The protein carboanhydrase II produces hydrogen ions for delivery to the proton pump. Mutations in the CAII gene, which regulates the production of carboanhydrase II, impair the proton pump and thereby cause osteopetrosis.

A few children have been found to have a mutation of the TNFSF11 gene, which codes for a protein known as RANKL. RANKL regulates the growth of osteoclasts and is produced, for example, by bone-forming cells. These children have insufficient numbers of functioning osteoclasts (osteoblasts). As an essential growth factor is absent, few or no osteoclasts are formed. For this reason haematopoietic stem cell transplantation is not a viable cure for these children, as the transplanted osteoclast precursors rely on this growth factor to develop. A treatment option that may be viable in the future would be a supplement of RANKL.

In the remaining cases of the malignant form, the cause of impaired osteoclast function is still unclear. The benign form is also caused by a mutation of the CLCN7 gene, but only about 75 per cent of those affected develop any symptoms.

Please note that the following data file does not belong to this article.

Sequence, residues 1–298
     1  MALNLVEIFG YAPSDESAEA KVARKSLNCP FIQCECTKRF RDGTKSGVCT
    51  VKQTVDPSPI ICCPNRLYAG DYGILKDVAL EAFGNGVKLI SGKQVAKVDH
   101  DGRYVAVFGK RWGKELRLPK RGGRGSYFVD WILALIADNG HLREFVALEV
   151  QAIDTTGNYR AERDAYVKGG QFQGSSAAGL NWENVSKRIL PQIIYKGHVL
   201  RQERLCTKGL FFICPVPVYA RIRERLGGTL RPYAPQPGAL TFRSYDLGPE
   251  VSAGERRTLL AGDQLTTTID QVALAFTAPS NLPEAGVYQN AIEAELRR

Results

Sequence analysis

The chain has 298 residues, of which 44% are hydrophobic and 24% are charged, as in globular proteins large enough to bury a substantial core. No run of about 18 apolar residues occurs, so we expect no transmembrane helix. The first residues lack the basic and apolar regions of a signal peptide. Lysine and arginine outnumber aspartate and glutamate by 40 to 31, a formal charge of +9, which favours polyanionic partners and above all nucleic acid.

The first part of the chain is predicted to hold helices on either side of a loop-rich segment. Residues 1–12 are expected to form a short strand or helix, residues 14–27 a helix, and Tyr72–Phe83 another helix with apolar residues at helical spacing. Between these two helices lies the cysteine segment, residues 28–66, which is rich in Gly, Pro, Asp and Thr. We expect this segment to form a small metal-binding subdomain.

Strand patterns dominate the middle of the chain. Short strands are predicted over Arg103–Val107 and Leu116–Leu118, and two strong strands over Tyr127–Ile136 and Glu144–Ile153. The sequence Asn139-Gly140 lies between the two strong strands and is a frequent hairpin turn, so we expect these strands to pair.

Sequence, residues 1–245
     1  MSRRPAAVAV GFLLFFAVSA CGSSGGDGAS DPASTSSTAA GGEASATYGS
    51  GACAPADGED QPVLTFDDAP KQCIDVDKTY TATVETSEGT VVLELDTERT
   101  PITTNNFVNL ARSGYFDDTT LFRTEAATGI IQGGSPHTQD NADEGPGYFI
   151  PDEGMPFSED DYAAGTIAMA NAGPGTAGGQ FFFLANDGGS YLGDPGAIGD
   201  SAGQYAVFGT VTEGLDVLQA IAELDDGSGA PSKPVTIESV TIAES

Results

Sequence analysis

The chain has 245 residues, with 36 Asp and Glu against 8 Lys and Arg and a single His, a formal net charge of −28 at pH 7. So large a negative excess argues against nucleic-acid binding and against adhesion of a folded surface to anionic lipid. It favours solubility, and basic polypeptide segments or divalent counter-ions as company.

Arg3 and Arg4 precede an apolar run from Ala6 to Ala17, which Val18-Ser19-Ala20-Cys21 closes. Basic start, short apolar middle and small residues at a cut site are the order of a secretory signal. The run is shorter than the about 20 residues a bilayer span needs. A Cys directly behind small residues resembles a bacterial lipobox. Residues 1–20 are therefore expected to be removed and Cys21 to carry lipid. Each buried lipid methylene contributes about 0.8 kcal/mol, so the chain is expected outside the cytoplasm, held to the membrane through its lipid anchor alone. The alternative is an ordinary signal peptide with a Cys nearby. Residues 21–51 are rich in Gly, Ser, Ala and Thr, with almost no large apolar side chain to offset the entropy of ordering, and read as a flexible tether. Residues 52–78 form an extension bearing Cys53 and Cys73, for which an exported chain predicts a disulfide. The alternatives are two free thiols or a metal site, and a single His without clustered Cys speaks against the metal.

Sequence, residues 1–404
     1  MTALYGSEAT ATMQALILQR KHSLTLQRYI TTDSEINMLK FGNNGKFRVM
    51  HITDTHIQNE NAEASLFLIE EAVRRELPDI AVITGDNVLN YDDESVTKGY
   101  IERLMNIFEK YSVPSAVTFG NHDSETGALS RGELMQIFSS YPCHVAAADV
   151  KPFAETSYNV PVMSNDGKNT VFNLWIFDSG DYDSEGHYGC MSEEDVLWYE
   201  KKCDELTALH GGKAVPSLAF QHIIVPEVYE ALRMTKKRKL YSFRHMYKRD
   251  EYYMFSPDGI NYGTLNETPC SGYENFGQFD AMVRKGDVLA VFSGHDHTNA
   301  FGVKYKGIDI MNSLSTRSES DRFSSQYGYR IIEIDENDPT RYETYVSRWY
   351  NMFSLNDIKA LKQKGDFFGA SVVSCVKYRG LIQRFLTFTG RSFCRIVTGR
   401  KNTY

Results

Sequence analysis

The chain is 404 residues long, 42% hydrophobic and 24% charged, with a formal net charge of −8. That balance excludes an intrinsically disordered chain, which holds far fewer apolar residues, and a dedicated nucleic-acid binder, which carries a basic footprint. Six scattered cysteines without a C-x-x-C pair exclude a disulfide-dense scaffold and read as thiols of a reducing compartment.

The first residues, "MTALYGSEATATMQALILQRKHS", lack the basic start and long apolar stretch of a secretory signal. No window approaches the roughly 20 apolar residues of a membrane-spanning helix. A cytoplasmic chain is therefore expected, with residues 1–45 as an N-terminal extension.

Impaired function of any of the proteins that underlie osteopetrosis often result in other symptoms, for example developmental delay with central nervous system damage in cases of CLCN7 and OSTM1 mutations. There is no known cause of the disorder. Some TCIRG1 mutations result in low immunoglobulin levels (hypogammaglobulinemia). A suggested cause is that this gene regulates two different proteins, one of which plays a role for osteoclast function, and the other for the immune system’s production of immunoglobulins. In cases of CAII mutations, the ability of the kidneys to acidify urine is affected, which results in kidney damage.

Figure: The osteoclast proton pump and chloride ion channel. The figure shows an osteoclast attached to the surface of the bone.

Figure: The osteoclast proton pump and chloride ion channel. The figure shows an osteoclast attached to the surface of the bone. The inset image is a magnified osteoclast cell membrane showing a schematic proton pump and chloride ion channel.


As a rule, the inheritance pattern of malignant osteopetrosis and the Västerbotten form is autosomal recessive. This means that both parents are healthy carriers of a mutated gene. In each pregnancy there is a 25 per cent risk that the child will inherit double copies of the mutated gene (one from each parent), in which case the child will have the disease. In 50 per cent of cases the child inherits only one mutated gene (from one parent only) and like both parents, will be a healthy carrier of the mutated gene. In 25 per cent of cases the child will not have the disease and will not be a carrier of the mutated gene.